A data-intensive analysis augmented simulation model of an order picking operation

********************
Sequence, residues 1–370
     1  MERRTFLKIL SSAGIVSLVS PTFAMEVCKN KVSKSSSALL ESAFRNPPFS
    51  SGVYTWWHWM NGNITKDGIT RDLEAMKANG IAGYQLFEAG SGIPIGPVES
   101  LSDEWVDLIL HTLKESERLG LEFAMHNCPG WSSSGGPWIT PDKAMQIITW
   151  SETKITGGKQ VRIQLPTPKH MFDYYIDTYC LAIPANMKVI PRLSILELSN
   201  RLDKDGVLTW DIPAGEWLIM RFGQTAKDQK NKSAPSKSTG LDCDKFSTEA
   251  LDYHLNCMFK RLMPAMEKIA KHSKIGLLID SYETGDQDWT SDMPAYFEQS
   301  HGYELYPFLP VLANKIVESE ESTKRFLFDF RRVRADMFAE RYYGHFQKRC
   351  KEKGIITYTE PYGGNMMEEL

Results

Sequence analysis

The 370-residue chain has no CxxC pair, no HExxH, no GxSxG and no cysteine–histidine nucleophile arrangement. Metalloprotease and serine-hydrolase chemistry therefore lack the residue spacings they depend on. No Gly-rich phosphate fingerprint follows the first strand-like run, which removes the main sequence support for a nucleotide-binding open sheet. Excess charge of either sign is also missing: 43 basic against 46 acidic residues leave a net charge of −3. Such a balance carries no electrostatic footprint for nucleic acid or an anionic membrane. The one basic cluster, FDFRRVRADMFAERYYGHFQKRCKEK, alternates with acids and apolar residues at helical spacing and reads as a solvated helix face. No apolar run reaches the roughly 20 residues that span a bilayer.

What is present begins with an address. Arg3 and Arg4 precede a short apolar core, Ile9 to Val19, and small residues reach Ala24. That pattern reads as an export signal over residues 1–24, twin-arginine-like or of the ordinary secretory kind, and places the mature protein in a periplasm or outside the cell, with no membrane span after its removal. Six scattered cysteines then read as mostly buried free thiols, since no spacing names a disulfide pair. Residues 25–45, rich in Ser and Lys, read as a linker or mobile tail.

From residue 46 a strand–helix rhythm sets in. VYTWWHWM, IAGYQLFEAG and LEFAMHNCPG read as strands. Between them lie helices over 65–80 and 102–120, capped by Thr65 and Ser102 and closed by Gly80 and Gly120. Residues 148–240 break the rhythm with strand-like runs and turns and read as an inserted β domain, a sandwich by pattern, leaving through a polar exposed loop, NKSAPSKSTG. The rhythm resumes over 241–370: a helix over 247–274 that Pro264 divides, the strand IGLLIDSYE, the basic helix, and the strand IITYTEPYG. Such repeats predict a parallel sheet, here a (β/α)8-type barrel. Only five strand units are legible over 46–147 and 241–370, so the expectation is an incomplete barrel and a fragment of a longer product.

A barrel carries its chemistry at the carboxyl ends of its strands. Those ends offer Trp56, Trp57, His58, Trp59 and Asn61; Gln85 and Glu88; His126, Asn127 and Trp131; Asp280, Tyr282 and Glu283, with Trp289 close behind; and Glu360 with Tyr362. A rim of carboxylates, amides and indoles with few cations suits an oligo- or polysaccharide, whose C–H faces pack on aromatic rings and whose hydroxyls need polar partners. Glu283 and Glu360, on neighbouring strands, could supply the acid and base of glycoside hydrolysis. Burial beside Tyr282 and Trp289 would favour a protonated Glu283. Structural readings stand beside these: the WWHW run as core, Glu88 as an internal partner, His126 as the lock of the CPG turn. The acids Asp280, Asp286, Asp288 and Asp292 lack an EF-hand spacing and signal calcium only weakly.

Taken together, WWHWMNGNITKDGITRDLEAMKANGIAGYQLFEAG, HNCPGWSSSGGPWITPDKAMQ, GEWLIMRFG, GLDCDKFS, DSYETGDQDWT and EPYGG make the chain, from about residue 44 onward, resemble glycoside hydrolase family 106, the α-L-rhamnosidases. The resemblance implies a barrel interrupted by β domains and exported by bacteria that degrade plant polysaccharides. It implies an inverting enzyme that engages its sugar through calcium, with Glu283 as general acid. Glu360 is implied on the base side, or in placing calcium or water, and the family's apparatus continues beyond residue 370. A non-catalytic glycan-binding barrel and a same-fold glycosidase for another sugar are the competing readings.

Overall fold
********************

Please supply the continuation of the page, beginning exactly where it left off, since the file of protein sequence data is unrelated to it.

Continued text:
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Order picking is the most labor-intensive function of distribution centers (DC) in the food and beverage store industry. An efficient order picking process supports this industry’s supply chain to move high volumes of products between the DC and the retail stores. This thesis focuses on the storage location assignment problem to deciding via an algorithm based on Association Rules Mining (ARM) the most adequate location of incoming products. The algorithm analyzes hundreds of orders received by the DC to find correlated products that are ordered frequently together by retail stores. The algorithm then assigns correlated products to storage locations that are close to each other in order to minimize order picking times. The results of computer simulation experiments using data from a real distribution center will be presented to evaluate the performance of the DC layout resulting from ARM.